Warning that American education and research have fallen behind, the new head of the Smithsonian Institution has launched an ambitious effort to digitize its 137 million artifacts and use social-networking tools to reach a new generation of learners.

"Technology and new modes of communication based on the World Wide Web are dramatically altering the way people access, interact with, and communicate knowledge," said G. Wayne Clough, who formally became the 12th secretary of the Smithsonian Institution on Jan. 26 but has been on the job for about six months.

At the same time, "International test scores show American children falling further behind those of most of the other developed nations at the very time our competitors are focused on winning the battle for technology-based jobs," said Clough during his installation ceremony.

A former Georgia Tech president with degrees in engineering, Clough promised to "chart a bold path" in bringing the world’s largest museum complex into the 21st century.

"Our goal should be no less than to build the foundation for a new era for this great institution," he said. "The explosive growth of new communication and networking tools provides us a unique opportunity to share our vast collections and other resources in ways not possible before, with people all around the globe."

Some of this work had begun under Clough’s predecessors, including a web site–www.smithsonianeducation.org–that includes free lesson plans (correlated with state standards) to help teachers make use of some 1,500 digital artifacts from the Smithsonian’s collections.

But fewer than 1 percent of the institution’s collections have been digitized so far–and that’s not nearly enough, Clough declares.

"Our job is to authenticate and inform the significance of the collections, not to control access to them," he said. "It is no longer acceptable for us to share only 1 percent of our 137 million specimens and artifacts in an age when the internet has made it possible to share them all."

Clough’s goal is to digitally photograph or scan each object and publish it online, accompanied by curatorial content from Smithsonian experts.

Another example of how the Smithsonian will use technology to broaden its reach is a series of free online education conferences that will launch Feb. 4 in cooperation with LearningTimes LLC.

This first online conference will focus on the life and legacy of Abraham Lincoln through live presentations, moderated forums, and demonstrations of resource materials.

In addition, an online exhibit hall will allow educators to experience virtually what Washington, D.C., area teachers have experienced for years at the Smithsonian’s annual education expo, known as Smithsonian Teachers’ Night. In the virtual exhibit hall, educators will learn more about the Smithsonian’s classroom-ready online resources.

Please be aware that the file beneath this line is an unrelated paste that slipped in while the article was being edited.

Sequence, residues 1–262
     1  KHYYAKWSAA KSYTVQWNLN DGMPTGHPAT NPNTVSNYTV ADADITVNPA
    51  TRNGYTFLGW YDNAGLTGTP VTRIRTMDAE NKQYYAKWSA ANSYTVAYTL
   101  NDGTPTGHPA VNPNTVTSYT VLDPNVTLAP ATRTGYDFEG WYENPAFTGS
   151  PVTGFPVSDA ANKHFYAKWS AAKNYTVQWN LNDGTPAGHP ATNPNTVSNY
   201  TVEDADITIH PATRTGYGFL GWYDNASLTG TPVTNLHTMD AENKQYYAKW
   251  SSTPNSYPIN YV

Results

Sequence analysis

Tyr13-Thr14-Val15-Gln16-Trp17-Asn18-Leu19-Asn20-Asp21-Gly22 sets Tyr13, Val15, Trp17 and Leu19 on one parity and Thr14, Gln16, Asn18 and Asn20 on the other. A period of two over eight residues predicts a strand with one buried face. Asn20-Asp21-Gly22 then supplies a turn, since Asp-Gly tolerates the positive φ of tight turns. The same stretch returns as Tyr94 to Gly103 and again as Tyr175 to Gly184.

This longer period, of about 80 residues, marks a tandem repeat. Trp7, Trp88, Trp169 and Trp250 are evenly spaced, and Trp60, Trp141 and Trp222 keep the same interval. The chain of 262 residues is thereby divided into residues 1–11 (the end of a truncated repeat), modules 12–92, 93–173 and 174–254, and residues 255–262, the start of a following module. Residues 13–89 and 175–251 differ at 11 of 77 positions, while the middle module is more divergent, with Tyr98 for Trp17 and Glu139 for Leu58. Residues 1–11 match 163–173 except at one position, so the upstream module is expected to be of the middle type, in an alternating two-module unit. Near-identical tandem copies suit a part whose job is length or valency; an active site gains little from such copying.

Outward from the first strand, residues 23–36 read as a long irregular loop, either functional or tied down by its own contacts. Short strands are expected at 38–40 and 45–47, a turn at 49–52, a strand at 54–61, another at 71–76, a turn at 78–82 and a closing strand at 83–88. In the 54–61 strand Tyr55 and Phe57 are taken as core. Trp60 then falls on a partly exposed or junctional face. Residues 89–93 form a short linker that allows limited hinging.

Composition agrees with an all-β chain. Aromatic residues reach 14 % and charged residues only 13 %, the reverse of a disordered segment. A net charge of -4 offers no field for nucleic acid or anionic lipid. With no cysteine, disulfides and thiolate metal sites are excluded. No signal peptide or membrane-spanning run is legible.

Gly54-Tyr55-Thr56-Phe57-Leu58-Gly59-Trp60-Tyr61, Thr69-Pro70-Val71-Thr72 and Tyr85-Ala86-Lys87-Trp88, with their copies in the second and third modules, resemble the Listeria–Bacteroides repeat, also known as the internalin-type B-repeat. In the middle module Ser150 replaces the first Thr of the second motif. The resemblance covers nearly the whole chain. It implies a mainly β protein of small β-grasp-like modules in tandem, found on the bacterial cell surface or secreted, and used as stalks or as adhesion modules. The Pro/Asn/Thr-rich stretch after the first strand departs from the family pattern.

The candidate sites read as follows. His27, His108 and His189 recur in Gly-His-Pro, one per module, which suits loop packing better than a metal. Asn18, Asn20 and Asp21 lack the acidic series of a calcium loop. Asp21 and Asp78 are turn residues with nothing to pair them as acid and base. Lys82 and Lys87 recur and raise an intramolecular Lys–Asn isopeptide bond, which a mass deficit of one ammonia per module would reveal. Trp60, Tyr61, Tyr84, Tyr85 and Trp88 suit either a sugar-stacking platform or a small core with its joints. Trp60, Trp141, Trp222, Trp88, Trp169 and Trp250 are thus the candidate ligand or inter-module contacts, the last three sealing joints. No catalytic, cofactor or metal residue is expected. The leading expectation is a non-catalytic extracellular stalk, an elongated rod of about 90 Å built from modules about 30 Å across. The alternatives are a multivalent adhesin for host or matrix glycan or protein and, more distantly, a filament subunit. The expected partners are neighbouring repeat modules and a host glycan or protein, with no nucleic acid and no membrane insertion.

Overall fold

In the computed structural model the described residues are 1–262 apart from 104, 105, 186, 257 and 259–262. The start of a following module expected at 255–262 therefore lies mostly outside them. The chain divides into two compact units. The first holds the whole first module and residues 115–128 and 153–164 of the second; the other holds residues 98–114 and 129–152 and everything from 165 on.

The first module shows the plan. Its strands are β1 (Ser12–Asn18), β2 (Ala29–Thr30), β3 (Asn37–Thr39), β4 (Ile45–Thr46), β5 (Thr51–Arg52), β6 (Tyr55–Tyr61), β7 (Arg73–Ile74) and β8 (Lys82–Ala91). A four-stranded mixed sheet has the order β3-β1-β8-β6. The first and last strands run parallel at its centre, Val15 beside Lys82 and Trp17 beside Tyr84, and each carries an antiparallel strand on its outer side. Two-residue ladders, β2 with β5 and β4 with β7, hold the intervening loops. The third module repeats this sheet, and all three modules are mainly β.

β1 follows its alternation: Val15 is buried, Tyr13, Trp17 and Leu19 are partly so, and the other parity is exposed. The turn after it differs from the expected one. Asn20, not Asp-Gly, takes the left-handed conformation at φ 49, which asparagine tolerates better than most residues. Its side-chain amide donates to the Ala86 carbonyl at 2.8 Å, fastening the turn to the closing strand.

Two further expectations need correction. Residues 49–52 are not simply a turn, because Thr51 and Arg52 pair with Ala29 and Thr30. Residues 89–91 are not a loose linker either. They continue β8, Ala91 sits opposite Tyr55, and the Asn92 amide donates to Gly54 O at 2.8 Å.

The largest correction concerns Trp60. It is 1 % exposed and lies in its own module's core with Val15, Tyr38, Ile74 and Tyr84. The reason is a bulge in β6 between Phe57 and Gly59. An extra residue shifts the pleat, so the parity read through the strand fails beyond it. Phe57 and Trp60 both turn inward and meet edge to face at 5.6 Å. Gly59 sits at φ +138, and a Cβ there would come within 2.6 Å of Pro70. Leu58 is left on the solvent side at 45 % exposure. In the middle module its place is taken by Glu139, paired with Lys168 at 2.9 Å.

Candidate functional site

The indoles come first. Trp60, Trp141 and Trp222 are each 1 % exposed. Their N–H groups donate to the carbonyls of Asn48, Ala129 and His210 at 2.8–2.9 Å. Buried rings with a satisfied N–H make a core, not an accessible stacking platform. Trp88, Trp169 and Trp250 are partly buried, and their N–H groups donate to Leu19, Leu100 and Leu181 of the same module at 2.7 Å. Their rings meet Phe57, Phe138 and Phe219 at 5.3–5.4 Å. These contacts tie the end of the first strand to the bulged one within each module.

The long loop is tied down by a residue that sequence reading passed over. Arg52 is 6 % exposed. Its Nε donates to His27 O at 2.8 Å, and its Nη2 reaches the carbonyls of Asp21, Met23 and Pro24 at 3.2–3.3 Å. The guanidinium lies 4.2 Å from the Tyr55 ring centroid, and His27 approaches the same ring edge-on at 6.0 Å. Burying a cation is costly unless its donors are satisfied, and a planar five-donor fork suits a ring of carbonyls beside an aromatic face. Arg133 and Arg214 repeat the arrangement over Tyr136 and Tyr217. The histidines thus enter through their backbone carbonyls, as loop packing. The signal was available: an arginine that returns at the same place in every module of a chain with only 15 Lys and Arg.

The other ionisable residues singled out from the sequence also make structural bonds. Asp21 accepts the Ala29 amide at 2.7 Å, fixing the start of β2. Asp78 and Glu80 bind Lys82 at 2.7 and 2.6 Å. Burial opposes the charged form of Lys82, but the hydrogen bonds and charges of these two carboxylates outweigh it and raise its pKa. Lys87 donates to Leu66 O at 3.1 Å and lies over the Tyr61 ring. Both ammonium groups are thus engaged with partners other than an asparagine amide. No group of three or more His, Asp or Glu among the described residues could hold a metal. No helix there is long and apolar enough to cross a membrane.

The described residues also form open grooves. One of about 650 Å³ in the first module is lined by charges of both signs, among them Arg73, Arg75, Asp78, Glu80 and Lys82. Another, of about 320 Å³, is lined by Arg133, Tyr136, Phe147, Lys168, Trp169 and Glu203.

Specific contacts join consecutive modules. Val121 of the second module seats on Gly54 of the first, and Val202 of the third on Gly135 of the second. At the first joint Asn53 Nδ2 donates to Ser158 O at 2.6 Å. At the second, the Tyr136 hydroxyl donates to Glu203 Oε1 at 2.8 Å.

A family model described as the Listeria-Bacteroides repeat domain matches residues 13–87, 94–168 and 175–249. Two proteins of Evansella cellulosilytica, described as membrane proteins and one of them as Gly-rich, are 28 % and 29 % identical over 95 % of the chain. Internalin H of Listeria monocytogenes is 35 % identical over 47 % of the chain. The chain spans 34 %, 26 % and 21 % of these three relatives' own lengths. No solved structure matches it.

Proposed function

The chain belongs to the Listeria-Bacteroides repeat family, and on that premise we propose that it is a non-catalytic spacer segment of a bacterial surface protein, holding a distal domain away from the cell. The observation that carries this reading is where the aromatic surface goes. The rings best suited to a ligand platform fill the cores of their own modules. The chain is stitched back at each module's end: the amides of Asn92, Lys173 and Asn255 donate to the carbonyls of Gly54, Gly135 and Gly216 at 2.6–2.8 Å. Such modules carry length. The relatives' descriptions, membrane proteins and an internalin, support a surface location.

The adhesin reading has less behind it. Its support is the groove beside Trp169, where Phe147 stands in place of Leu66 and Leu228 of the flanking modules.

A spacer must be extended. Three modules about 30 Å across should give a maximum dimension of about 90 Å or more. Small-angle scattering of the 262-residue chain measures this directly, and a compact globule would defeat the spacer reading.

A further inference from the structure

Registration for the conferences is free and open to everyone. All of the conference sessions will be recorded and archived, and they can be replayed at any time via the web.

"As with the Lincoln conference, each conference in the series will have a single theme or topic explored through the lens of several different disciplines by Smithsonian curators," said Stephanie Norby, director of the Smithsonian Center for Education and Museum Studies. "With just a computer and access to the internet, participants can get a behind-the-scenes look into the Smithsonian’s collections of artifacts, artworks, and documents from the perspectives of history, science, and art."

Clough faces significant challenges in implementing his vision for the Smithsonian and its 19 museums.

Just one day after his formal installation as secretary, he announced a hiring freeze and eliminated salary increases and bonuses for one class of the institution’s highest-paid employees in response to the current economic crisis. He also asked several departments to reduce their current-year budgets by 5 to 8 percent. The value of the Smithsonian’s endowment reportedly dropped by 25 percent last year.

But there is room for hope in the stimulus package wending its way through Congress, which includes $150 million for the Smithsonian. And Clough addressed the institution’s financial challenges in his Jan. 26 speech.

"To be successful, we must be innovative, disciplined, focused, nimble, and more self-reliant than in the past," he said. “…Since it was founded, the Smithsonian has benefited from the generosity of the American people and the Congress. Today, we must be clear with the Congress on these issues and entrepreneurial with the public in seeking outside support."

Before his appointment to the Smithsonian, Clough served as president of Georgia Tech for 14 years. He received his bachelor’s and master’s degrees in civil engineering from Georgia Tech in 1964 and 1965 and a doctorate in 1969 in civil engineering from the University of California, Berkeley.

Link:

Smithsonian Institution


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